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How improving skills will grow our economy
Posted by North East LEP on 16 Feb 2017
It’s an exciting time for the North East economy. We still excel in our traditional strengths like manufacturing and engineering, but we are also leading the way in other areas, like health and life sciences, creative and technology, and subsea and offshore technology.
The question we must ask ourselves is are we equipped with the right kind of skills to grow these sectors further and create more and better jobs for the North East?
That’s something we’re addressing at the North East LEP as part of our skills agenda: are we creating a future proof workforce with the types of transferable skills that can meet the demands of our growing and emerging industries?
Improving skills sits at the heart of our refreshed strategic economic plan for our region and we’re currently delivering a number of initiatives and campaigns to help achieve this.
We are already seeing transformative results from our Good Career Guidance Benchmarks national pilot and we’ve heavily influenced the inclusion of the Benchmarks to new guidance for schools and colleges in delivering careers advice nationwide. Something we’re especially proud of is that schools, colleges, academy trusts and other LEPs from across the country are using North East LEP as an example of best practice when planning their careers strategies. Indeed, the Rt Hon Robert Halfon MP, Minister of State at the Department for Education, visited the North East in September 2016 to see first hand how the pilot is helping young people in the region make better and more informed decisions about their future careers. It’s been so successful that we’re looking for forward thinking businesses and philanthropists to help fund extending the scheme to involve Primary schools.
Up to date information about the labour market is central to our skills programme. It demonstrates where the current and future areas of opportunity are. We have developed a series of videos focusing on the strategic economic areas of opportunity in the North East designed for use by lecturers, teachers and advisers in schools and colleges. They will ensure young people have an accurate understanding of what sort of jobs are available here. And it’s really eye-opening how diverse and exciting the range of roles are.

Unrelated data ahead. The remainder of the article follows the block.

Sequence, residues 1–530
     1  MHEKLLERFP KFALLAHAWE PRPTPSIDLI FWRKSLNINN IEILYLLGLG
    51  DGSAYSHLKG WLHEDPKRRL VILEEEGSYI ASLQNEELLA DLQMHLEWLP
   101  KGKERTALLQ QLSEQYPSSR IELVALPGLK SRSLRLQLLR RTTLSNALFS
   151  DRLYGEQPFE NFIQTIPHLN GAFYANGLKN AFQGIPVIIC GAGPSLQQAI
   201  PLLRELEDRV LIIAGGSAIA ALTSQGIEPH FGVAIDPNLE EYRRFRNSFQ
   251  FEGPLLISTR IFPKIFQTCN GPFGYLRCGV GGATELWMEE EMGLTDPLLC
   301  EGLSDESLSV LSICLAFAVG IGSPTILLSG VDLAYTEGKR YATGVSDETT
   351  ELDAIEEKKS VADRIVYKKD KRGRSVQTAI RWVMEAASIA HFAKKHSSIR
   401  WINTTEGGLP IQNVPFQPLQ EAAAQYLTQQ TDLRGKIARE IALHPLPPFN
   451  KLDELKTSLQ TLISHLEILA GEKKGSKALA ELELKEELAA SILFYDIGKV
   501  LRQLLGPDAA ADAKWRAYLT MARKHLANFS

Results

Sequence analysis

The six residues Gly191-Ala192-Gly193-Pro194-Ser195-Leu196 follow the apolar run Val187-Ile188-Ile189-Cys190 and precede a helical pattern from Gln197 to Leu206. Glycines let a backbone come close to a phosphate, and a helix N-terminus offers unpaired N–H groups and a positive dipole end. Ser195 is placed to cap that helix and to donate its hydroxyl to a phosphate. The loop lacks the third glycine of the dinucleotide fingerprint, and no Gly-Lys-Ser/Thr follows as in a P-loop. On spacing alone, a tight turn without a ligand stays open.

Our Enterprise Adviser network continues to go from strength to strength and now includes 43 secondary schools from across the North East - from Berwick to South Durham. The network sees business leaders from some of the North East’s most successful industries work strategically with senior leaders in secondary schools to shape the quality of careers provision. Our Enterprise Advisers include Giselle Stewart, Director of Corporate Affairs at video game company Ubisoft Reflections, Greg Robson, Training Manager at Caterpillar Peterlee, and Karen Marshall, Apprentice Engagement and Education Lead at Accenture.
We’re proud to be working with SCHOOLS NorthEast, and other partners, to look at how we attract and retain good quality teachers in the region. Just as having a skilled workforce is important to our economy, so is a talented and enthusiastic teaching staff. We’re also looking at a project to improve governance in our schools and colleges.
In an effort to support the North East’s areas for economic opportunity, which include advanced manufacturing, subsea and offshore engineering, life sciences and healthcare, and creative, digital, software and technology-based services, we’ll be championing the importance of studying STEM (science, technology, engineering and mathematics) subjects. With so many jobs in the North East now requiring qualifications in STEM subjects, we’ll be working directly with parents and students to raise perceptions of technical and vocational education. We already have 10 Ofsted rated ‘outstanding’ or ‘good’ further education colleges in the region, and we will continue to work with partners to improve this. As valid and important routes to employment, we want to make sure apprenticeships, higher apprenticeships and degree apprenticeships enjoy equal status with academic qualifications.
Another important area of work we’ll be delivering is around graduate retention and ensuring the skilled and qualified students that graduate from our excellent universities remain here in the North East. It’s important that we demonstrate the breadth of opportunities to graduates, so they choose to stay in the North East because they know they have strong career paths open to them.
An often overlooked talent pool is the older workforce, who might want to consider more flexible working patterns. Or, with a small amount of retraining or upskilling, could pursue an exciting career in our new and emerging areas of opportunity in the economy.
That’s just a short summary of some of the work the North East LEP is delivering to improve skills in the region. We need to educate young people about the opportunities available to them, support schools and colleges in delivering quality careers education, recruit and retain excellent teaching staff and reduce ‘brain drain’ by ensuring graduates stay in the North East.
Working in close partnership with schools, colleges, universities and training providers, amongst others, is helping to drive forward the North East’s collective ambition. I believe that there are many opportunities to influence and improve skills in our region - improving aspirations in people of all ages is our goal, and I’m confident we have the activities planned to achieve it.
Words by Michelle Rainbow, Skills for Business Manager at the North East Local Enterprise Partnership (LEP)